That moment feels like just yesterday but there are countless things that have changed since then. Since I ran out of the woods I came out as a lesbian, I started seeing a therapist, one extremely unhealthy relationship ended, and another although healthy and beautiful one, forces me to grieve today. I was diagnosed with a chronic illness and then had the nerve to beat it. I became an English major and realized my love for architecture. I had a dream about a lighthouse and for the rest of my life that artificial light has projected a new future. I discovered my own little corner of the world in Maine and made friends with some old people. I loved a dog more than anything I’ve ever loved. I ran a half marathon. I started this very same blog. I became a writer, a Marxist, and a full-fledged comrade. I learned that my anxiety is overcomable. I led a team to the most wins in decades and found my voice on the court. I started taking medicine three times a week and sticking to my bedtime like it’s the bible. I traveled across the Atlantic and across state borders for vaccinations. I found words in maps. I told stories. I climbed mountains and mountains oh my. I swam in the deep, frozen ocean blue— and drove with the windows hand-cranked down. 

I faced one time when I was scared of my aloneness and then again. And it got easier. 

I am scared of my photos app.

I learned that love isn’t easy. I learned that love isn’t easy and it teaches you so much so at least for that reason, it has to be worth it. 

So now maybe I’m a hotshot. A fellow, a published writer. No, that’s not the point, not at all. The point is that in a second I’m back in that memory— coming out of the woods onto the Northern sunny field. And instead of the grass and the empty street, I see this. And I am old and my joints hurt and my heart is currently broken. And I have to tell people what happened and I have to tell myself what happened even though I don’t know what happened: that love is hard and growing up is hard and yet I am worthy of both. 

And that I want to teach.

And live by the ocean and be the real-life lupine lady that I read about in a children’s book and then met in person when I grew up. Make-believe can be real and I am a testament to that. Believe me, that run, that day, was something special. 

If North is up on a compass then does that mean I am evolving? Following my star? Each year and second getting better or accumulating material? I know I feel better and that seems good enough. But part of me misses that innocence when I ran out of the woods, facing North. How little I had yet to learn, how little I had yet to lose. I’m still waiting for the fog to disappear and the stars to come out to play. And even though I feel okay right now, part of me is still waiting for that North, little light, to come back.

Pictured: a random photo I took on one of my long runs. I must have liked the shadows from the sun.

The Mapper

There’s a picture from a children’s book I really like. It’s a landscape in a boy’s figure who seems to be flying over an otherwise solid color. I have dreams sort of like this except the exact opposite. Instead, I fly as an empty figure over a landscape or the gentle curves of a mass beneath me. In this book Neftalí, later referred to as Pablo Neruda, finds refuge from his smallness against his scary dad in things like poetry.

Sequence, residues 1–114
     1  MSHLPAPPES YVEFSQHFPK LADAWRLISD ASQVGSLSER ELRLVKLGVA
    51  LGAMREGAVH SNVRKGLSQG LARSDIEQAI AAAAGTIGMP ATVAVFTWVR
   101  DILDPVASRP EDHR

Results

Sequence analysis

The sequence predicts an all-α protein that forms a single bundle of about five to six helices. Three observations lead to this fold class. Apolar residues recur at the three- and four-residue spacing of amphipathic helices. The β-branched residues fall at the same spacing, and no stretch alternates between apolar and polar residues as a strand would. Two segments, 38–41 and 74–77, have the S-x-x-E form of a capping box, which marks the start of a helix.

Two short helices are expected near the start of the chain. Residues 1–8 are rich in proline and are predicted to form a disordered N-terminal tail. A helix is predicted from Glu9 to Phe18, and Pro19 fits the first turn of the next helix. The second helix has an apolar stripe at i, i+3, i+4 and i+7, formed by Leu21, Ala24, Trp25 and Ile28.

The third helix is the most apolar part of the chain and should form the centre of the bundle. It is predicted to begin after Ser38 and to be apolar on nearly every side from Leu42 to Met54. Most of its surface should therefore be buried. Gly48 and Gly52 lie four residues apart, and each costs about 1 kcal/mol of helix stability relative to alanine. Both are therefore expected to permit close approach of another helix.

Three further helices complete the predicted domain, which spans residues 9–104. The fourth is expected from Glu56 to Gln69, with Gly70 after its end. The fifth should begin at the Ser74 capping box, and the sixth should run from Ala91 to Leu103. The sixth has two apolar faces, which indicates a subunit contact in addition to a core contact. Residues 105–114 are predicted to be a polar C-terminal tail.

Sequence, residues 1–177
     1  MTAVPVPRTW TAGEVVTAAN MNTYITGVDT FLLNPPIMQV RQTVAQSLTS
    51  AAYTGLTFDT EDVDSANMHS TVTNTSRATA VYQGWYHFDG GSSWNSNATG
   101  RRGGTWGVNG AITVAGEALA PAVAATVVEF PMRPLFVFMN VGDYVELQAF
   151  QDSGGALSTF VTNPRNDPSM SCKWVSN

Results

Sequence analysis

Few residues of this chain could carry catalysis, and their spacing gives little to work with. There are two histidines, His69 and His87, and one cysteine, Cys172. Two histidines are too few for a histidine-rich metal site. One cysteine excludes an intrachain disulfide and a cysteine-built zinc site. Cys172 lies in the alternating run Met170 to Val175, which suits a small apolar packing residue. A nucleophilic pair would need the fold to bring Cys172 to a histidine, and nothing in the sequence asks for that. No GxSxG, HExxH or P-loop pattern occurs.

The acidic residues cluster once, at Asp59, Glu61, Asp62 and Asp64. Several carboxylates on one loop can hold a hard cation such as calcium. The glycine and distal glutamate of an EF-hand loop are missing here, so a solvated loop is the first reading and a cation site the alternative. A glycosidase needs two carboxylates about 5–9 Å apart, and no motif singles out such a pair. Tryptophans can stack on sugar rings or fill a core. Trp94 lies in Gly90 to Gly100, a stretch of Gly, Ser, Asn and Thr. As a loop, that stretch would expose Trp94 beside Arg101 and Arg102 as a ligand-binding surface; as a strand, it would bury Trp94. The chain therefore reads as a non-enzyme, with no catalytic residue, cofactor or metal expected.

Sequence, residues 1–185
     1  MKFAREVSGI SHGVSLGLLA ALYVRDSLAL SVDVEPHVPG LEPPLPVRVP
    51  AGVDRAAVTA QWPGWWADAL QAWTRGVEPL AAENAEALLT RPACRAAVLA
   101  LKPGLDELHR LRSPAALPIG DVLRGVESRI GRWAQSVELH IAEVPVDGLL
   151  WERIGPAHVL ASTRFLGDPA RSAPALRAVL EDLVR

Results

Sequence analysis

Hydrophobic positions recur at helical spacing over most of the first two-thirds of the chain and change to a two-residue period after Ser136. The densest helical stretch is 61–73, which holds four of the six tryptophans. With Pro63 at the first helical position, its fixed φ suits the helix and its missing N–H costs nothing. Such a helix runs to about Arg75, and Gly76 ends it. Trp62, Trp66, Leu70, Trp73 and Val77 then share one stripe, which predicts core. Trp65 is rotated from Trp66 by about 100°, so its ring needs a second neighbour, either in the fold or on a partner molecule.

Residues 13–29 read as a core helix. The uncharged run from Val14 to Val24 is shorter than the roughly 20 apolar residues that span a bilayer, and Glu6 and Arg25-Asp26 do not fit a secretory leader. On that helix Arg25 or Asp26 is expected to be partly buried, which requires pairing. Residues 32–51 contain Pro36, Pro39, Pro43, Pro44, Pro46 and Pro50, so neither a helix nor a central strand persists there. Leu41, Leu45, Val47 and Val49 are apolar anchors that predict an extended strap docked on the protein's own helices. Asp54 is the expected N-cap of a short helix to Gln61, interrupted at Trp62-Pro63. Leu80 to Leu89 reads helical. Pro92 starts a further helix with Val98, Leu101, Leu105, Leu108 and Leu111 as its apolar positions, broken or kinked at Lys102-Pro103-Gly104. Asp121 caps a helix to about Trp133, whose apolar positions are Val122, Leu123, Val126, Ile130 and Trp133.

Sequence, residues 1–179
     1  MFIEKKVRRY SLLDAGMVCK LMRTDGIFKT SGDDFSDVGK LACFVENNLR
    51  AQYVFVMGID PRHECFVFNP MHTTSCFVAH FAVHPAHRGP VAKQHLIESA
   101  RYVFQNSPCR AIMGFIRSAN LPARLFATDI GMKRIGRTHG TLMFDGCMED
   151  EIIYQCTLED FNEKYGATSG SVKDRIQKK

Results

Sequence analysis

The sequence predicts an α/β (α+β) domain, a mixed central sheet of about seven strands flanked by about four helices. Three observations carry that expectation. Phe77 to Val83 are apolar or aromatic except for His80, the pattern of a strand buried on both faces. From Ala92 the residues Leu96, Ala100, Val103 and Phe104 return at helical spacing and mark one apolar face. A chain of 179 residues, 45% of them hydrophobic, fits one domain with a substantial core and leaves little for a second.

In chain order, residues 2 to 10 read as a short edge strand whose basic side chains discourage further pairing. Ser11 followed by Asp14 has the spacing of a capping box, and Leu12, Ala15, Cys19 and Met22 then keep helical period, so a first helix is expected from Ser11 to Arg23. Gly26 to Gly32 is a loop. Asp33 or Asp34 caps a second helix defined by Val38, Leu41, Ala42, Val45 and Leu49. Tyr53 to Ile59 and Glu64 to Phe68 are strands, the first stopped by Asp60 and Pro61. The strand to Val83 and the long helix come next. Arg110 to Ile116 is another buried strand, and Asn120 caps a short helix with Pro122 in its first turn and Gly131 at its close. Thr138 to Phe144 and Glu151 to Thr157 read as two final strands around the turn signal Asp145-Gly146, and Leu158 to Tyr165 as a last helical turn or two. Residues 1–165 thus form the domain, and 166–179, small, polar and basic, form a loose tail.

Now I wonder what it would be like to turn Neftalí inside out so he looks like me? Every single night I am flying over the curves and ridges and straight lines and mountain tops and treelines of places I’ve been. If I am dreaming over the ocean then I can at least see the bend of the world curling away. 

During the daytime, I am thinking about Metropolitan London and the Shining Path and the Black Arts Movement and 19th Century Romanesque Architecture and gathering a bibliography of “Female Writers of Maine” and working on my short story “The Welfare Supervisor” and saving my relationship, and rotating through my four-cycle lifts for basketball, and this is just an excuse to plan out everything I am doing…

Sometimes I’m scared to fly in my dreams. Sometimes I dread falling asleep and being obsessed with remembering the exact spatial significance of borders. I’ll be put in this semi-familiar place and force myself to remember what tree sits on the right and what house is on the left. It’s funny because the places in my dreams have sort of been hijacked by themselves. I no longer return to my college or the island as they are in real life. I return to the dream versions, slightly different and perhaps more accurate reflections of how I would construct them. But every time I know where the new spatial elements are even though they are parallel universes from reality. 

I am a map.

Neftalí is the Dreamer but I am the mapper. 

If I could draw perhaps I’d try to visually appropriate it onto paper. But just as the world from reality to dream shifts entirely I wonder if it would too with pen and ink? All I know is rain and shine, I am mapping the real world and the realer world in my dreams and I can’t seem to stop. My fingers are tired of typing, I have tendinitis in my left arm from too much time at the computer working on those lengthy essays but I find myself on a Tuesday and humid evening trying to map out the dual mapped out universes that exist in day and night. 

I am a mapper

waiting to seize the map

I spatialize the questions

for which all boundaries and expanses

exist 

I choose no place

I choose every place

Come closer…

…if you dare.

Image from The Dreamer by Pam Munoz Ryan – Illustrated by Peter Sís.

Monotony of Metropolitan Life and the Inherent Fluidity of the Natural

Imagine you live in two houses throughout your life.